After a week of confusion over which attorney was representing the high-profile Jan. 6 defendant known as the “QAnon Shaman,” the judge in the case approved a change in lawyers for Jacob Chansley.
The change came in a hearing in federal court in Washington, D.C. that was briefly closed to the public so U.S. District Judge Royce could hear from Chansley and each of the two lawyers claiming to represent him.
Later, in open court, Chansley confirmed to Lamberth that he wanted Albert Watkins replaced by John Pierce, a former attorney for Kyle Rittenhouse who’s taken on more than a dozen clients in the Jan. 6 Capitol attack case.
During the hearing, Watkins publicly relented. “After having met with Mr. Chansley, I am requesting, at the request of the defendant, that I cease as counsel of record for the defendant,” Watkins told the court.
That capped a mysterious, week-long squabble in which Watkins claimed he was being replaced without Chansley’s permission by Pierce, who’d hinted at making an “ineffective counsel” argument.
With Watkins as his lawyer, Chansley pleaded guilty in September to obstruction of an official proceeding, a felony, and was subsequently sentenced to a lengthy 41 months in prison, with credit for time served.
But in a statement last week, Pierce said Chansley would pursue “all remedies available to him” with respect to the outcome of his case — including a potential appeal of his conviction and a claim of “ineffective assistance of counsel.”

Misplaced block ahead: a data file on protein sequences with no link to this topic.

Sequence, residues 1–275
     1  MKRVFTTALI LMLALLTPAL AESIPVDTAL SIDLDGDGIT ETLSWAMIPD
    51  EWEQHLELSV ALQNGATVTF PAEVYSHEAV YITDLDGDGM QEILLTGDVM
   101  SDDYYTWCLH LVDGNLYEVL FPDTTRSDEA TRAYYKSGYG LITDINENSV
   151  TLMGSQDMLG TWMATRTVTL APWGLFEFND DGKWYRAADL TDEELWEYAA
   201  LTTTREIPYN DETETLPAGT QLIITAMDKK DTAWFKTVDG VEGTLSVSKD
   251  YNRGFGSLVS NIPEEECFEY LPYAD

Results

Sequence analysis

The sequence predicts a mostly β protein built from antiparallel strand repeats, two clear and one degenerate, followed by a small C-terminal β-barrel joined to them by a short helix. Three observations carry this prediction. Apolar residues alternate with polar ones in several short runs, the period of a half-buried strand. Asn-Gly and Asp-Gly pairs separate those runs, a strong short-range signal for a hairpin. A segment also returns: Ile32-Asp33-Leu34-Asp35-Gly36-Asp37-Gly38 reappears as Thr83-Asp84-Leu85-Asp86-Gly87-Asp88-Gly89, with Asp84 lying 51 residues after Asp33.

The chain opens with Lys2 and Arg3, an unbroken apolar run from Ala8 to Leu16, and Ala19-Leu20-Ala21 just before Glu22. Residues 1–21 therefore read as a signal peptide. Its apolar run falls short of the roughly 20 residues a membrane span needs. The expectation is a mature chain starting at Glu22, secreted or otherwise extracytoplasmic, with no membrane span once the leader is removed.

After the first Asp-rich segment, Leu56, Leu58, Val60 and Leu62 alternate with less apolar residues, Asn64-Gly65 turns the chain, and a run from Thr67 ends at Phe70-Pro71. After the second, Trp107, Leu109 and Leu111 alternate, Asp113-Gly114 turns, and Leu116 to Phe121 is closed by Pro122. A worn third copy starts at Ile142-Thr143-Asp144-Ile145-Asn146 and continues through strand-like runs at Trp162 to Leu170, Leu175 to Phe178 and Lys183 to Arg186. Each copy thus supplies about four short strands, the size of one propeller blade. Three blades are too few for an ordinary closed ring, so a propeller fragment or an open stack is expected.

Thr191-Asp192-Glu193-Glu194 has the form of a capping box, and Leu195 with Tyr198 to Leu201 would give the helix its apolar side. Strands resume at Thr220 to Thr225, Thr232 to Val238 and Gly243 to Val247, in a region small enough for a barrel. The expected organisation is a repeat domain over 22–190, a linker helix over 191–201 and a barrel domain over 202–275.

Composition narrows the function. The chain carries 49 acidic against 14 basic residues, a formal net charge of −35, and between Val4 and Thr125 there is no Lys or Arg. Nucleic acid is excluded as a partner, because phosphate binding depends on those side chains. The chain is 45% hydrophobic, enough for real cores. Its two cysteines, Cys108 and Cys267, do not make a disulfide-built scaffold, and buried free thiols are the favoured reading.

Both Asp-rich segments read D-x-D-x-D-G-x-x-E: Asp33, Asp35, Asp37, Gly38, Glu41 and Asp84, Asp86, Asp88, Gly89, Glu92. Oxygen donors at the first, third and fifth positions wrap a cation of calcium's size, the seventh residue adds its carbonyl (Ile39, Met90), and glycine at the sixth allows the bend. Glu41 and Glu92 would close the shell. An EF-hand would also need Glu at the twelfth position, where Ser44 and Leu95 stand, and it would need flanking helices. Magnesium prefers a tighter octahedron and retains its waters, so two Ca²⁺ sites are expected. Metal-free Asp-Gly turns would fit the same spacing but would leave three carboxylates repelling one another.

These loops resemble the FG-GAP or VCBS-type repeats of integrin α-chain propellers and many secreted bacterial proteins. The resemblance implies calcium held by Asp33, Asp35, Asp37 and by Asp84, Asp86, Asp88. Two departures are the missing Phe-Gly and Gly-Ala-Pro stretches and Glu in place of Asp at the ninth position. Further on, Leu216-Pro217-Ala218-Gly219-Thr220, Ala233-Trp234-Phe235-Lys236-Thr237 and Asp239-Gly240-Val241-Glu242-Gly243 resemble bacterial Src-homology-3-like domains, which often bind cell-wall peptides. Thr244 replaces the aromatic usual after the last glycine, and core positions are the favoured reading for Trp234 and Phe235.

Soon after that press release, Watkins claimed to TPM and other outlets that the switch had been made without Chansley’s approval, writing in his own statement that Chansley “confirmed he did not personally authorize Mr. Pierce to represent him and confirmed Watkins’ continuing representation.”
Watkins told TPM in an email, “It appears a third-party named under a power-of-attorney for financial matters for Mr. Chansley may have attempted to use the power-of-attorney to serve as authority to engage Mr. Pierce.”
But Watkins made no mention of these supposed machinations at Monday’s hearing, which was over in a couple minutes.
“I sincerely wish Mr. Chansley all the best,” he told TPM later, in an email. “He is a bright and gentle young man.”
The brief hearing included a bit of dialogue between Chansley and his new legal team.
“From here on out Jake, it’ll be Bill and John,” attorney William Shipley told Chansley in the minutes preceding the hearing, over a public conference call line. (Shipley is Pierce’s co-counsel, but he needs Lamberth’s approval to officially join the case because he is not a member of the Washington, D.C. Bar. Lamberth said Monday that he would rule on that motion separately.)
“Thank you for being here, gentleman,” Chansley told the lawyers.
Part of the friction over Chansley’s legal representation may stem from comments Watkins made to TPM over the summer, when he referred to Jan. 6 defendants as “short-bus people.”
“A lot of these defendants — and I’m going to use this colloquial term, perhaps disrespectfully — but they’re all fucking short-bus people,” Watkins told TPM. “These are people with brain damage, they’re fucking retarded, they’re on the goddamn spectrum.”
The outrage that followed led one co-defendant of another Watkins client to argue that the comments made a fair trial impossible.
Pierce has his own odd history in the mammoth Jan. 6 case. After taking on a long list of Capitol attack clients, he essentially disappeared without a trace for a week — only to explain away the absence as a hospital stay for an undisclosed malady.
This post has been updated.